Underspecified CSS: Bad practice

Underspecified CSS is the name I am giving this sort of code:

h2 span
{
	color: black;
}

I'll show you why this code is the bane of large sites.

Embedded emails

CSS in email is a completely different ballgame from standard web design, but provides an excellent example for today's discussion. My company sends out a weekly e-newsletter that contains something like the following code:

<h2 style="background-color: #008;">
	<a href="http://ecommerce.example.com/" style="color: white;">Cool products!</a>
</h2>

The email is working great in every web client and desktop client that we care to test in... except for standard-interface Yahoo Mail, which is displaying the links as black on dark blue. WTF? After a little inspection with FireBug, I determined that Yahoo is dropping a span tag into the link, like so:

<h2 style="background-color: #008;">
	<a href="http://ecommerce.example.com/" style="color: white;">
		<span class="blahblahblah">Cool products!</span>
	</a>
</h2>

...and that's being affected by the h2 span rule I mentioned earlier. Since emails are limited to inline styles, we can't override it. Even wrapping a span tag of our own (with styling) around the link text doesn't help, because Yahoo Mail puts theirs inside that. Finally, we had to swap out the h2 tags for h3 tags, since those weren't affected by their sloppy styles.

Global styles, too

Another example from my workplace has to do with global styles for unordered lists. Once upon a time, someone added something like this to the global stylesheet:

ul
{
	list-style: url(/images/right-angle-quote.gif);
}

Then every time some poor soul wanted a regular ol' list, they had to override that global declaration in the head tag of the page. No one wanted to remove the offending style, because god only knows what it was intended for in the first place. (How does this sort of code come to exist in the first place? Perhaps the original author had written some experimental (and underspecified) styles, then another programmer picked up the project from there and copied the CSS verbatim. That sort of thing happens in a production environment.)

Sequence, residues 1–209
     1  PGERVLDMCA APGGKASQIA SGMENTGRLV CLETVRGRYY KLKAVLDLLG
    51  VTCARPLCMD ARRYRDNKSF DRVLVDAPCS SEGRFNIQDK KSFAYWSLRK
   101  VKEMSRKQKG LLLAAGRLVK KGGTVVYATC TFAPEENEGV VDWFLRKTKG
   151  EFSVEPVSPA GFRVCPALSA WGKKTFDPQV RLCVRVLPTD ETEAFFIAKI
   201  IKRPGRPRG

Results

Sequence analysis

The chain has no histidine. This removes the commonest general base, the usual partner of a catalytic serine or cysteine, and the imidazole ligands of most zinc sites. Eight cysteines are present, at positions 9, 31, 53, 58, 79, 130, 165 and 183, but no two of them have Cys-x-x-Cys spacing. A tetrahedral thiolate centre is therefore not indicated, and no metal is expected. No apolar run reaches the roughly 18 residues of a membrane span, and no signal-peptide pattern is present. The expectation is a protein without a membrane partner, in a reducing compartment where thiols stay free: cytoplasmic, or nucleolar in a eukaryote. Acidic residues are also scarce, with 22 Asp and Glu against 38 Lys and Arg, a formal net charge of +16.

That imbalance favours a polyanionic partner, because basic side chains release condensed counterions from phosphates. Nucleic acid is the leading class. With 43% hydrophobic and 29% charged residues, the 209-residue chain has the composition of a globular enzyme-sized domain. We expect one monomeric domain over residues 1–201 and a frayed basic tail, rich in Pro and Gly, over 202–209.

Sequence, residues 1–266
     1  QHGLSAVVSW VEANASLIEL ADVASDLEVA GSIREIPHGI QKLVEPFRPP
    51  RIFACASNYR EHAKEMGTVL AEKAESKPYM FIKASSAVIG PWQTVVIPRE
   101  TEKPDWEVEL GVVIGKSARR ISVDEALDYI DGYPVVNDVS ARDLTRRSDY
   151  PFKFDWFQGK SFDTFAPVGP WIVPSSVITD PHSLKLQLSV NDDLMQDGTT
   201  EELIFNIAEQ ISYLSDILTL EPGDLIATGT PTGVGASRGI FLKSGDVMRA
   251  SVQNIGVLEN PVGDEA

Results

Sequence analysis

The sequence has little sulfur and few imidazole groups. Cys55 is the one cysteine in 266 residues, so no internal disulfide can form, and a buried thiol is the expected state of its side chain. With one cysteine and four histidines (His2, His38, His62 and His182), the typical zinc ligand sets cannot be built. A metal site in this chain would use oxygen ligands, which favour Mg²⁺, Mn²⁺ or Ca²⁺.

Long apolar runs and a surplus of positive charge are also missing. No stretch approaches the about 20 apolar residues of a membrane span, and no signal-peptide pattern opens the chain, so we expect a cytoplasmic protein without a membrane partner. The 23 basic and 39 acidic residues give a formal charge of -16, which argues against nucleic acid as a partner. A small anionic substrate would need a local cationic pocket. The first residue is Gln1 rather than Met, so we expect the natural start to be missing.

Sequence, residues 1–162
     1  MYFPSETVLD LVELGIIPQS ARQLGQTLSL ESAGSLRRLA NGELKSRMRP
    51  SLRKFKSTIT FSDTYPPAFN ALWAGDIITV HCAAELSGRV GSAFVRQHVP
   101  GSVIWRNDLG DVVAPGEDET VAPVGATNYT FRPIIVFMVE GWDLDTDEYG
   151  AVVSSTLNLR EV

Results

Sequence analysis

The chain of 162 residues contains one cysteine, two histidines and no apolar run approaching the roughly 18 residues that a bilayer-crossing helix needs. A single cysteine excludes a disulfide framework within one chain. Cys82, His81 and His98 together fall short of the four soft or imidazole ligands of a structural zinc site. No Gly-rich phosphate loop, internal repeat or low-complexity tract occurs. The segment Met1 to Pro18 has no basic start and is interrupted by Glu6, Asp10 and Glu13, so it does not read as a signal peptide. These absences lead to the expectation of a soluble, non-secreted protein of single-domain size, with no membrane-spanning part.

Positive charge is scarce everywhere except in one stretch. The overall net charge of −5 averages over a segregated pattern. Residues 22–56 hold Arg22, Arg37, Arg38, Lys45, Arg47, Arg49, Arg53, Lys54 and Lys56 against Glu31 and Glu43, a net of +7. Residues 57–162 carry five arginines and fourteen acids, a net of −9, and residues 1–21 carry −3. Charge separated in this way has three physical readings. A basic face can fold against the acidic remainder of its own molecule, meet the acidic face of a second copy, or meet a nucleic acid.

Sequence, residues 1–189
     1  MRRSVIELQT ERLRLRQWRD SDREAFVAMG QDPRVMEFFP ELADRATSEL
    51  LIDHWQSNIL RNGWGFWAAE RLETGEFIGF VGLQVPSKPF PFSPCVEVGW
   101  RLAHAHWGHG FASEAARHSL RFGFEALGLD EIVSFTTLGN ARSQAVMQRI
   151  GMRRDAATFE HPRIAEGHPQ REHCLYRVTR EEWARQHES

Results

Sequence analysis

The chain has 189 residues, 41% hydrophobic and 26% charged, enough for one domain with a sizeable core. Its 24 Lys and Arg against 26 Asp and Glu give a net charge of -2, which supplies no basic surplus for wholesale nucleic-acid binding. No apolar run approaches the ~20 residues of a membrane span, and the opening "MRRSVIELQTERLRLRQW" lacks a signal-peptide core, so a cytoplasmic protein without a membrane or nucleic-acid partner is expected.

Localize and classify

The solution to these "underspecification" problems (sloppy selectors) is to make judicious use of IDs and classes -- localize the selectors to certain parts of the page, and be as specific as possible with classes.

I'll show you what I think might work better in both instances. (Yahoo's use of a generic span tag is a separate issue -- a span tag with no ID or class is a bad idea to begin with.) Here's the kind of selector Yahoo could have used instead:

#sidebar-links h2 span.callout
{
	color: black;
}
  • By beginning the selector with a region ID or module class, the author can rest assured that the styles won't "leak" into the rest of the page.
  • Properly classifying the span tag (or other target element) ensures that generic markup in the same region is not affected.

A similar approach would have cleared up the unordered list issue:

#article-content ul li
{
	list-style: url(/images/right-angle-quote.gif);
}

In summary, by specifying your selectors as tightly as possible, you'll avoid a world of cascade trouble.


Responses: One so far

  1. Ryan Johnston says:

    A fantastic point - and one that I hope all CSS developers read.

    I will include this in my Professional Web Development Wiki - http://www.ryanj.org/wiki

    Thanks

    --ryanj